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December 17, 2001
The Dirty Secret About...Hand Washing

Colds and flu are the leading causes of employee absenteeism due to illness, yet the first line of defense against infectious diseases - hand washing - is often overlooked in the workplace, according to a survey commissioned by the soap industry.

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The Soap and Detergent Association's latest survey found that 40 percent of American workers washes their hands neither often enough nor long enough.

In addition, the survey found most employers (58 percent) don't do anything to encourage hand washing in the workplace.

Lost productivity in the workplace from the flu alone costs employers $15 billion, according to the SDA. Hand washing is a simple solution to reducing these costs and is recognized by the Centers for Disease Control and Prevention (CDC) as one of the most important means of preventing germs from spreading.

"Hand washing is a professional responsibility that should be done routinely in the workplace and encouraged by employers," said Nancy Bock, SDA's Director of Consumer Affairs.

"Employees should wash often, about five or more times each day, and thoroughly with soap and water for at least 15 seconds," Bock says. "Employers should post simple reminder signs in bathrooms, kitchens and other community areas."

The survey suggests there is a direct correlation between encouragement and compliance. In businesses that post hand-washing reminders, 72 percent of employees wash their hands five or more times a day, and 38 percent wash their hands more than 10 times a day.

Even though 93 percent of employers keep their bathrooms and washrooms stocked with soap and towels, only 41 percent post hand washing reminders.

Where people work appears to play a role in hand washing practices as well. The survey shows that 65 percent of maintenance and construction workers and 47 percent of office and customer service workers wash their hands less than five times a day. Half of these workers also wash their hands only 10 seconds or less.

These same two groups also received the least encouragement from their employers, with 73 percent of offices and customer service facilities and 74 percent of maintenance and construction operations posting no hand washing reminder signs.

In contrast, the survey found that 88 percent of medical facilities and 67 percent of food service facilities encourage hand washing with signs.

The employees in these two groups were also the most diligent about good hand hygiene, with a substantial majority washing their hands seven or more times a day (medical employees: 86 percent, food service employees 68 percent) and for 15 seconds or more (medical employees: 69 percent, food service employees 76 percent).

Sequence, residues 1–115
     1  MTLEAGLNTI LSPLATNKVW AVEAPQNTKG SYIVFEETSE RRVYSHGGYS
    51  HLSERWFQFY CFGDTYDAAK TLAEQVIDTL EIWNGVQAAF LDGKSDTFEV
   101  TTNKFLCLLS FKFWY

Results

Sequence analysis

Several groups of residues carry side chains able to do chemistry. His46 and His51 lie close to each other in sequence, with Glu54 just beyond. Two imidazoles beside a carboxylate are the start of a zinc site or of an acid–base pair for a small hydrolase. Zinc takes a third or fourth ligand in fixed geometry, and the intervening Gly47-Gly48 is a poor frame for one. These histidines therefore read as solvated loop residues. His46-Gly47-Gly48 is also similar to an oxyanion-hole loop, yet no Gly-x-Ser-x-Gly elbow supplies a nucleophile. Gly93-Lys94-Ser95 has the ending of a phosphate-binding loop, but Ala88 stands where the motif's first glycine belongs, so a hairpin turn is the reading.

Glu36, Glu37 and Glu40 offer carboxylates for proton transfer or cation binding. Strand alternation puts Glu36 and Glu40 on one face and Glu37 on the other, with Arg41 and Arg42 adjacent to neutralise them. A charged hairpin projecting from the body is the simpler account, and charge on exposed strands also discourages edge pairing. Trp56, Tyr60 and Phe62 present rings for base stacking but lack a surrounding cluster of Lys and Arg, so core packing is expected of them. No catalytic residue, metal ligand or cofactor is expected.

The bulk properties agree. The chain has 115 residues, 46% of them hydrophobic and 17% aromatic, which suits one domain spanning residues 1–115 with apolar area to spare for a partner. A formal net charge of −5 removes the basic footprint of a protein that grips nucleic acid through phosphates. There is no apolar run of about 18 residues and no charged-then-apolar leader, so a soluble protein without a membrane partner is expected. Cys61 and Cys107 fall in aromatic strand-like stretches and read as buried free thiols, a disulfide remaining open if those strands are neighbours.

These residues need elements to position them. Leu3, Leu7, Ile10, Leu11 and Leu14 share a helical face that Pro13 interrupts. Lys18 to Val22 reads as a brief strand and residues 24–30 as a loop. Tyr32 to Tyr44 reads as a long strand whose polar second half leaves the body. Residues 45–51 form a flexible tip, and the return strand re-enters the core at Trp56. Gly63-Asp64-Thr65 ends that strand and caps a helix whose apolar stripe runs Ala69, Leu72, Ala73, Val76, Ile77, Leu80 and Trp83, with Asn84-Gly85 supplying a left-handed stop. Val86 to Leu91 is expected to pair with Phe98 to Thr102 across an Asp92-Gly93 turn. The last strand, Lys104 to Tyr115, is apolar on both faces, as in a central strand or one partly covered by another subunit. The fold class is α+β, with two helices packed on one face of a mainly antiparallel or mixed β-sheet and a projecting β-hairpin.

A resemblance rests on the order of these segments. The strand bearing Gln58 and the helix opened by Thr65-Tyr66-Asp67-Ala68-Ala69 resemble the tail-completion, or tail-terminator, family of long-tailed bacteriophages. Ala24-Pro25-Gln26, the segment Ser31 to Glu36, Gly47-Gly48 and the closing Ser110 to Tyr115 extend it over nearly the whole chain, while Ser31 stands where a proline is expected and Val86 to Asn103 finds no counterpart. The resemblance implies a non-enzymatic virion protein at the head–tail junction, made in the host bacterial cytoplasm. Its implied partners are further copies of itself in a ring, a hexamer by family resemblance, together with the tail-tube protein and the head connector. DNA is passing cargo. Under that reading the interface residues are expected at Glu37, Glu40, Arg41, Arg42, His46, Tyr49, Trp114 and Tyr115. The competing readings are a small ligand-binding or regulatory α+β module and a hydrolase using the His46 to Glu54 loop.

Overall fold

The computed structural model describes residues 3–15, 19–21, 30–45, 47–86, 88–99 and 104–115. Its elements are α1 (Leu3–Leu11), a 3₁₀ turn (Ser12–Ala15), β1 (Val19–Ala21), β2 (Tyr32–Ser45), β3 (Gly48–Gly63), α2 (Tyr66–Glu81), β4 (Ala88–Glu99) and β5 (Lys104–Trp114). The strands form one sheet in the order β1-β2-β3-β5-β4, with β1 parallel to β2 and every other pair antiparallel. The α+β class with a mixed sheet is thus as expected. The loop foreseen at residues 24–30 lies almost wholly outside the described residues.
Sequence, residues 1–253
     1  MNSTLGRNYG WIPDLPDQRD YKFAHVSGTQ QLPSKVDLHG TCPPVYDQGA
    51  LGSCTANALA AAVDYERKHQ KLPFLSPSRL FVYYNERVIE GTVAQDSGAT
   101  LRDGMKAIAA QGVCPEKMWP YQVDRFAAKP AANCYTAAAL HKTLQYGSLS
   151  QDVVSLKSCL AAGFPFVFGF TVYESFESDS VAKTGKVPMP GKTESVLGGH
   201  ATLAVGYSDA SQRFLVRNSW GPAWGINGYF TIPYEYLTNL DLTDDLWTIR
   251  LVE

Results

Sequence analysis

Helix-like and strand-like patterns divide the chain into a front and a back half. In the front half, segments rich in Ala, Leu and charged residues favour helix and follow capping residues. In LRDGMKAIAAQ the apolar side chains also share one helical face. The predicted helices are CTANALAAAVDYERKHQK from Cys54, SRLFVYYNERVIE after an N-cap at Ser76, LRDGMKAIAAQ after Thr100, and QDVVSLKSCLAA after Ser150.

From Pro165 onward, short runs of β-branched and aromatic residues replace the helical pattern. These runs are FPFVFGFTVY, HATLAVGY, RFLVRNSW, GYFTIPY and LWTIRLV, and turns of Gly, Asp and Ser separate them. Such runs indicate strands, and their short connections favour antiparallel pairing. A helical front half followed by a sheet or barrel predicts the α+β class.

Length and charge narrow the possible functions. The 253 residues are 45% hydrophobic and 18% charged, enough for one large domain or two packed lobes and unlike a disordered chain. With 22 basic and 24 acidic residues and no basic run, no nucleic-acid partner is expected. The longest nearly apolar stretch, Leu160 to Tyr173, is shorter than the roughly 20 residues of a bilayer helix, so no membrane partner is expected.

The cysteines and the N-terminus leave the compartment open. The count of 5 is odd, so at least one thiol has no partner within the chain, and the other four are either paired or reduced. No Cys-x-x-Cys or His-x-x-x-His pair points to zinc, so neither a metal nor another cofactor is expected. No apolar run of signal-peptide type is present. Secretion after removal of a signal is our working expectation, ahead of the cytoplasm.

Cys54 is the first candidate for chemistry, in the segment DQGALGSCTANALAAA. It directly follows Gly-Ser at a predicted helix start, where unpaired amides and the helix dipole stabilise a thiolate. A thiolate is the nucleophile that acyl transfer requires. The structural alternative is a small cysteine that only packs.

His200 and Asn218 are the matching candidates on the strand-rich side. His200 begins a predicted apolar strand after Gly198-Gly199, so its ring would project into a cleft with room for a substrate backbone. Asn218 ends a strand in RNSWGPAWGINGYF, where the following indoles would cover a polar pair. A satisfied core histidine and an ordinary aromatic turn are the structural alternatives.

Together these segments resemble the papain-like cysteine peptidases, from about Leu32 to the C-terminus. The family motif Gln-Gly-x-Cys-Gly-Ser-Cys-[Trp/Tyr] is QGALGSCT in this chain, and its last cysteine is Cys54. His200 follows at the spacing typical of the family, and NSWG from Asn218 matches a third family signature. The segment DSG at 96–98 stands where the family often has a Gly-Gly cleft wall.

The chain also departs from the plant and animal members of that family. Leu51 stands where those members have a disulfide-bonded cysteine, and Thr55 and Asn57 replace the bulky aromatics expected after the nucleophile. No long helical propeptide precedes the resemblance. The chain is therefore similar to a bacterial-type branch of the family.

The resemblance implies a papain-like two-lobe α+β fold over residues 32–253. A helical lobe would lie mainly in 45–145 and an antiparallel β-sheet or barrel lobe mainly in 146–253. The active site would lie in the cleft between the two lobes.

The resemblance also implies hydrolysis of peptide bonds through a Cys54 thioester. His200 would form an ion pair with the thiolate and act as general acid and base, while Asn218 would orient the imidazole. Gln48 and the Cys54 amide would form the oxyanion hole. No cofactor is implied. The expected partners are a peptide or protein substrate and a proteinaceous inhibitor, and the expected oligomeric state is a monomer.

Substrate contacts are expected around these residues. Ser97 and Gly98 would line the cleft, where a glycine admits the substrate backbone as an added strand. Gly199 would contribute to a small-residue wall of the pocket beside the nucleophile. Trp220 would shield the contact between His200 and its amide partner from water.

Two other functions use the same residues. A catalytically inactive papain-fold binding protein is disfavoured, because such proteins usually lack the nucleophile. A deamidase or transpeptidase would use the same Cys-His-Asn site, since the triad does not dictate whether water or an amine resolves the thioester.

Following are quick hand washing tips recommended by the SDA:

When to wash your hands:

  • each time you use the restroom.
  • before and after staff meetings if food is served.
  • after scanning newspapers or magazines in your break room.
  • before and after your lunch.
  • after using your friend's keyboard or tools.
  • before and after a meet and greet activity in your office.
  • when using shared office equipment like faxes, phones, etc.

How to wash them:

1. Wet hands with warm running water prior to reaching for soap,
either in bar or liquid form.

2. Rub hands together to make a lather. Do this away from running
water, so the lather isn't washed away.

3. Wash the front and back of hands, between fingers and under
nails. Continue washing for 15 seconds or more.

4. Rinse hands well under warm running water.

5. Dry hands thoroughly with a clean towel or air dryer.

6. Alcohol-based hand sanitizers or gels or antibacterial wipes
are useful alternatives if soap and water are not available
(for example, when traveling in the car or taxi on the way to
a business meeting, before eating an in-flight meal or snack,
outdoor work settings, etc.)

The 2001 SDA National Cleaning Survey was based on telephone interviews conducted using a national sample of 1013 adult Americans, 18 years and older.

The SDA is a nonprofit trade association representing over 100 North American manufacturers of household, industrial and institutional cleaning products; their ingredients; and finished packaging.


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